The Liberal Party/Dion


The New Democratic Party/Layton


The Bloc Québécois/Duceppe


The Green Party/May




Don't know/No answer


(* Less than one percent)

Aside from the findings released Thursday  — that Canadians consider Harper the best leader on offer and are as likely as not to vote Conservative — there's more good news in the poll for the Tories.

Asked who they thought would win a federal election, as opposed to whom they wanted as their next government, 55 per cent of respondents chose Harper's party, with the Liberals a distant second at 24 per cent.

Perhaps even more encouraging for Harper, 57 per cent of respondents think a majority Conservative government would not behave any differently from the minority he led. Just 37 per cent thought a future Tory majority would march to a different drummer.

That makes it more difficult for the Liberals and others to use scare tactics about a harsh, right-wing government, should the Conservatives dominate the next Parliament, said Dasko.

"The idea that these are scary people with scary policies, that's not salient with voters," she said.

On climate change, 68 per cent of us think Harper's government is taking the right approach. Only 26 per cent of poll respondents disagreed with the notion that setting greenhouse gas emissions limits and targets was the way to go. 

As for what's likely to be the key plank in the Dion Liberals' platform — the Green Shift plan of income tax cuts for Canadians facing higher energy and goods prices as a result of new taxes on industries that produce high carbon emissions — 51 per cent of respondents didn't like it, while 42 per cent agreed it was the best way to tackle climate change.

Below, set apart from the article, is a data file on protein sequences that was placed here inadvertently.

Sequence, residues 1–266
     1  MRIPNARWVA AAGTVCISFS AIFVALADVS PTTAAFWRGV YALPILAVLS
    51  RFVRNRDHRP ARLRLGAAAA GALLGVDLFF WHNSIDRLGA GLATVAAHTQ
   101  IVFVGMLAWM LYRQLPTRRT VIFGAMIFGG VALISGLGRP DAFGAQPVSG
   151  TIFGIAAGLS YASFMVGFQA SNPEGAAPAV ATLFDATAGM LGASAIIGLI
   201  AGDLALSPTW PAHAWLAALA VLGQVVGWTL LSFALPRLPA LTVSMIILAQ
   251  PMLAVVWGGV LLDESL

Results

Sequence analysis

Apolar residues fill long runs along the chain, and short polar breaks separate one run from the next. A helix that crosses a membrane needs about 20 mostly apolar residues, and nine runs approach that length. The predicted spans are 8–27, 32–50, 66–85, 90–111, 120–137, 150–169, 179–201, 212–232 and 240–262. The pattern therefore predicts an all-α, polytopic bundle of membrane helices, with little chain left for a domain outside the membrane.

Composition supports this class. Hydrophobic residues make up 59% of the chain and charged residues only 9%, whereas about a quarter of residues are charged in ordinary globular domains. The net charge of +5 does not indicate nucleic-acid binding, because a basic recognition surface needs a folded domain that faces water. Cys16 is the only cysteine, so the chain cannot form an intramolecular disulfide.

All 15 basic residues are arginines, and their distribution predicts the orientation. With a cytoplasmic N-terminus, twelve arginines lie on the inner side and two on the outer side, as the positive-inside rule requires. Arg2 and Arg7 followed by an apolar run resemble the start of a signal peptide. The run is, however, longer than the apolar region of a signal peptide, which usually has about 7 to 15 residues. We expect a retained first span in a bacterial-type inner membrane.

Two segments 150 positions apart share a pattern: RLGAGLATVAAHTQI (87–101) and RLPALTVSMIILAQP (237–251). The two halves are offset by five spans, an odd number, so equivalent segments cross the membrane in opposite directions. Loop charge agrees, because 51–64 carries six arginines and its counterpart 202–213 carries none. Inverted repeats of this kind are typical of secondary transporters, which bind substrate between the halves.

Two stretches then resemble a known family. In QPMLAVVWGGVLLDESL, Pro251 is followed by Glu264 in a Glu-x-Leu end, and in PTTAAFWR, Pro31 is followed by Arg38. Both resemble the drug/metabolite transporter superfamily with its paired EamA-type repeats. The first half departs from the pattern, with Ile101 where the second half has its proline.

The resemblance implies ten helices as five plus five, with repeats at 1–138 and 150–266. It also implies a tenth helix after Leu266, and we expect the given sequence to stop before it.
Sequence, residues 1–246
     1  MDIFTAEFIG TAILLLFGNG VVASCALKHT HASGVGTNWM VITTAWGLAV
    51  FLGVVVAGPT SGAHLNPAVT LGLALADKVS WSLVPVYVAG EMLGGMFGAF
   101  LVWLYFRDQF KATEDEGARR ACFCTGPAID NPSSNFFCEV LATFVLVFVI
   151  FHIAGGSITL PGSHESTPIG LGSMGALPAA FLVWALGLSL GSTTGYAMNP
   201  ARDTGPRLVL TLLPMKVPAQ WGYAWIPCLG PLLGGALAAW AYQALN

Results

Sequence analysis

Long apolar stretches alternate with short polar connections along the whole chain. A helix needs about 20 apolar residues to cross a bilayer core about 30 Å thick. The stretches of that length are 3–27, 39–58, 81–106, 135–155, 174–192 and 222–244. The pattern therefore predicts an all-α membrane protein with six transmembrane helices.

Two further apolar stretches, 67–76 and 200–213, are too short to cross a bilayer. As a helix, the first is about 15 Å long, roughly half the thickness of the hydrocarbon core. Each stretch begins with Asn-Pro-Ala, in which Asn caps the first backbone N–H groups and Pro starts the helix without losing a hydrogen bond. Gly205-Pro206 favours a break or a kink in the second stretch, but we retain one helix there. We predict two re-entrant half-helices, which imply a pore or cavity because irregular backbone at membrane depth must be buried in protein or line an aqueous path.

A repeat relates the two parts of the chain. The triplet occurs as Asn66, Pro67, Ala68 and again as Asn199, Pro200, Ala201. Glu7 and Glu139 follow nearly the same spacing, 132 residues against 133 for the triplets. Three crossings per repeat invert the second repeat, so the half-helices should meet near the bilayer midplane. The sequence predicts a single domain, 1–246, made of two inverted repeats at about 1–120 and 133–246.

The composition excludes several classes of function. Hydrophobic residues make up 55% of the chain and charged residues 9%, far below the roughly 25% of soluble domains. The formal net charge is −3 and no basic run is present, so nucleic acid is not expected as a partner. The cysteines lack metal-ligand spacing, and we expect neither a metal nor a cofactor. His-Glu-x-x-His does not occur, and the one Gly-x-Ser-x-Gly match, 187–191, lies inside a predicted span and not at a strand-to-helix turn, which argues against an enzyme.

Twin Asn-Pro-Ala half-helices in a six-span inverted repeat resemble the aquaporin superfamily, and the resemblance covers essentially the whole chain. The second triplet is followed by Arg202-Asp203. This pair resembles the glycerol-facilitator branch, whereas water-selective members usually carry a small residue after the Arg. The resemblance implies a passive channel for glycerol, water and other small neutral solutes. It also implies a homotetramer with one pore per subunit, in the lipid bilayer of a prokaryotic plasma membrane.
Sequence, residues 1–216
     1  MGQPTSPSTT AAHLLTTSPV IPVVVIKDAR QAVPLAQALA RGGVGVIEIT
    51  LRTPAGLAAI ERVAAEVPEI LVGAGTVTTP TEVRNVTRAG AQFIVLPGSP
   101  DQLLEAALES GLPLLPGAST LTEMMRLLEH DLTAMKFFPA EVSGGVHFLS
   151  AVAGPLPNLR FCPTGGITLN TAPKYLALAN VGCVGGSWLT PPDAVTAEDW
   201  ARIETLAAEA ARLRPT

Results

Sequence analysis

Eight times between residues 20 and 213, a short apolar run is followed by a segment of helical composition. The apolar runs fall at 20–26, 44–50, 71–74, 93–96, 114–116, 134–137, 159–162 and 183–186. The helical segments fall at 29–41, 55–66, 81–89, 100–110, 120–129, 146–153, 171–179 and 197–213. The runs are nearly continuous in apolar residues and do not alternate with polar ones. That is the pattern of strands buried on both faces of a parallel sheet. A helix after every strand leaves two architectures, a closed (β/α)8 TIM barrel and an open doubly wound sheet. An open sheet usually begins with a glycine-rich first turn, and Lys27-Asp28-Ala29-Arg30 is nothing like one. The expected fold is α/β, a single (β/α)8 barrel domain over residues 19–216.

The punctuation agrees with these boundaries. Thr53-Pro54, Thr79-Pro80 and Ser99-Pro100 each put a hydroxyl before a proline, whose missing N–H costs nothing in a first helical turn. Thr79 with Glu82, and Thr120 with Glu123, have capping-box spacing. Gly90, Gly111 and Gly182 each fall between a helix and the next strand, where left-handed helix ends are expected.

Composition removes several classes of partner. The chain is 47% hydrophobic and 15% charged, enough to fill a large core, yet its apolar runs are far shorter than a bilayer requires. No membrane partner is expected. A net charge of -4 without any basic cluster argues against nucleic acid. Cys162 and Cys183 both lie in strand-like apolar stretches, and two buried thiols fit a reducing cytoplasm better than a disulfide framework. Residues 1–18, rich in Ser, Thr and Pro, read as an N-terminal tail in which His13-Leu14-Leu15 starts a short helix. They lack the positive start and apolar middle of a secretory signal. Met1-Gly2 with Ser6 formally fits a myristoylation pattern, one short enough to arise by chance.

Canadians split on whether election justified

Do you think Prime Minister Harper is justified in calling an election now?


Justified to call election


Continue to govern


Don't know/No answer


As for any talk across the country about this being an election that Canadians don't want or need, the poll finds that we have mixed feelings on this, too.

Given the margin of error, the finding that 44 per cent of us think a federal vote is justified and 48 per cent disagree is pretty close to a dead heat. In short, Dasko said, the election is not an election issue.

"I think if people felt really strongly that we want this election, or we don't want this election, we'd see it in the polls," she said. "We're not seeing it. What we're seeing is people saying, well yes, let's vote. Or maybe, or I don't think so. It's no more definite than that."

The poll surveyed 2,505 Canadians across the country between Aug. 29 and Sept. 2. On a national level, it is considered accurate to within plus or minus two percentage points, 19 times out of 20.

Here the regional margins of error, each to plus or minus the percentage indicated.

Canada: 2.0 Atlantic Canada: 6.2 Quebec: 3.1 Ontario: 3.9 Manitoba/Saskatchewan: 7.9 Alberta: 6.8 British Columbia: 6.0